Monday, May 11, 2009

Christopher's Story Part 2

In this photo, Christopher is in the 2nd row from the bottom, and is 2nd from the right.

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In the second photo he is in the second row, on the far right
In the third, back row, far right, already showing the proud posture that would stand him in good stead as a soldier.

Fourth, in his early teens, taken in the mid 1930's




At 17 (1938)

I am curled up very comfortably, in a wing backed reclining armchair and waking up from a delicious afternoon nap. My eyes register movement from outside the window. The branches of the Magnolia tree, heavy with luminous pink blossom, are nodding in the afternoon breeze. The clock ticks away seconds and minutes, a comforting sound when there is no rush to do anything in particular.

It is Mother's Day, in May of 2009 in North America, but my mind is drifting back, far back across 8 decades to the 1920's, 30's and early 40's and to England, the place of my birth. It is time to pick up Christopher's story where we left him two weeks ago, with his mother Lucy, a virtual stranger to him when his Auntie Agnes took him from Birmingham to live with her, in a farm cottage in Wassell Grove.

Christopher's life changed in a moment at 4 years old. Up until then, he had known only the close knit community of the back streets of Hockley in Birmingham, with uncles, aunts and grandparents. Now it was time for Lucy to care for him.

Lucy could not even care for herself. She had been thrown out of her home in disgrace when she became pregnant and given up her baby to her parents to care for so that she could work in a sanatorium for T.B. patients in order to survive. She had married a much older man, who was now widowed, and at 21 she was destitute and scratching out a meagre living working for the village rector.

Lucy had a streak of cruelty running in her veins. She insisted on calling Christopher "Leslie," his middle name, even though he disliked it. It was the name of the man his Auntie Agnes told him was his father (Leslie Holland, a jeweller in Birmingham,) although Lucy steadfastly to her death refused to tell him who his father was, never confirming it.

They were so hungry that Christopher pulled carrots from the farmer's field to eat, even though there was a good chance of getting caught by the local policeman.

Soon Christopher and Lucy moved from the cottage into Hagley, and the schoolhouse in Hall Gardens. It was there that Lucy met and married another older man: Peter Thornburgh, one of the most feared men in nearby Stourbridge. Options were few for a woman in her situation. Violence became a familiar pattern, and beatings for both her and Christopher. She had three children with Peter: Patricia, Sidney and Frank.

Peter kept pidgeons and would sit on his doorstep with a timer, waiting for them to come back. If they landed by mistake on a neighbour's roof, he would shoot them off.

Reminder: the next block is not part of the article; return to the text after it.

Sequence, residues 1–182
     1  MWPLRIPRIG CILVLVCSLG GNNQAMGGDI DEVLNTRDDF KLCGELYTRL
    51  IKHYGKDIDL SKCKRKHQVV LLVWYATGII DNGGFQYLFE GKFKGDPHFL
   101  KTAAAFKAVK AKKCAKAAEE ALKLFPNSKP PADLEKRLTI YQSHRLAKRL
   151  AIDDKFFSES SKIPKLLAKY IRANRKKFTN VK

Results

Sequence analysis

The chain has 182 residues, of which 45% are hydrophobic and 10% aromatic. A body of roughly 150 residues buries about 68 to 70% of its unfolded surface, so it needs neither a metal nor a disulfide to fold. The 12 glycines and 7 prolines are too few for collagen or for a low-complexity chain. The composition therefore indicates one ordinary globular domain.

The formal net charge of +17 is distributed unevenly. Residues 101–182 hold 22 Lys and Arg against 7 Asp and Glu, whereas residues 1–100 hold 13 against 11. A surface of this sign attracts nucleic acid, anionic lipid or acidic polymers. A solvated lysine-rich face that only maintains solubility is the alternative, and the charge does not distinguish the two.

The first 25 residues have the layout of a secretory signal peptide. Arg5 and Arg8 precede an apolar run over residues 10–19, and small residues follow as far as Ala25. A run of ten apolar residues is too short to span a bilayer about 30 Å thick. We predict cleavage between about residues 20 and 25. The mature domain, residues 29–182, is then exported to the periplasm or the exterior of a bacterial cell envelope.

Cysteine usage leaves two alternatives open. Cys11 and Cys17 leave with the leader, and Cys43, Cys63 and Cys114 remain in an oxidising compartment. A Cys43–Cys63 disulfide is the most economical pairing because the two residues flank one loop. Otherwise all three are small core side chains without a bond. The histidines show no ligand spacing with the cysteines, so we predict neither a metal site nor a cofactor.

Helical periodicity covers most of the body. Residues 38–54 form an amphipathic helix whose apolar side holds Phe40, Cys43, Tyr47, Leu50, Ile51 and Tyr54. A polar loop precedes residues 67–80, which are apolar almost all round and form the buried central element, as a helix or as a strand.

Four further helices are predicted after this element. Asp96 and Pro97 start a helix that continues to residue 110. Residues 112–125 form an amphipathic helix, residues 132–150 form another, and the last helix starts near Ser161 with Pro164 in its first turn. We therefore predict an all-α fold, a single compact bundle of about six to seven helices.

One day Lucy sent Christopher to look for Peter in the hide when he was out hunting and when he called for him, he was terrified when pellets whistled over his head.

Peter used to put a net over the holes leading from rabbit warrens, and send his dog down, to chase rabbits into the net. He shot his own dog with a 12 bore shot gun because it came out with nothing.

He once showed Christopher a ferret in a cage, and encouraged him to touch it, saying that it was lovely and cuddly. When it bit right through Christopher's finger, Peter laughed and said, "You won't do that again, will you?"

Childhood was a time of poverty, fear and cruelty for Christopher, who was a sensitive child with a love of music, singing and art. He sang in the church choir, and loved poetry and literature. At the same time he had a deep sense of inferiority and shame; a message communicated since birth, and which never left him.

As soon as possible, Christopher left home for Smethwick/Oldbury on the outskirts of Birmingham, where he apprenticed as a glassblower. He was sent north to Lancashire with a young friend for more training.

The second great war of the century had begun in Europe and Britain had declare war on Germany in 1939, but glass blowers were a "reserved occupation."

(To explain: From Wikipedia)
"A reserved occupation (also known as essential services) is an occupation considered important enough to a country that those serving in such occupations are exempt - in fact forbidden - from military service."

"World War II in the UK, in 1938, a Schedule of Reserved Occupations had been drawn up, exempting certain key skilled workers from conscription. This was as a result of the problems from World War I, when too many skilled workers were allowed to enlist, thus creating serious problems in certain key industries. The reserved (or scheduled) occupation scheme was a complicated one, covering five million men in a vast range of jobs."

Lancashire, however, was traditionally a big recruitment area for the Brigade of Guards, and eventually, Christopher did manage to enlist, in spite of being officially prohibited from doing so, on the 22nd of May, 1944.

The firm he worked for was very unhappy, at his enlisting, but did not stop him.

Chris was 23 and the next 8 years would have a profound affect on him, changing him forever...

Christopher's Story, Part 3, will continue in two weeks. Next week: Pieternella's Story, Part 2.

3 comments:

Susan said...

Here I am again where it has become normal for me to be on a Monday morning. Hanging precariously off a cliff...

Dave Hingsburger said...

I'm beside you Susan. I found the photo of the young man your father became quite arresting, because, sitting beside the story who cannot see pain in his eyes.

Angcat said...

Oh Belinda,
Yes, I'm hanging with the others...

It just makes me want to hug that young boy so tight.
He has sensitive features, I see you so much in him.
Thanks for continuing on this painful journey.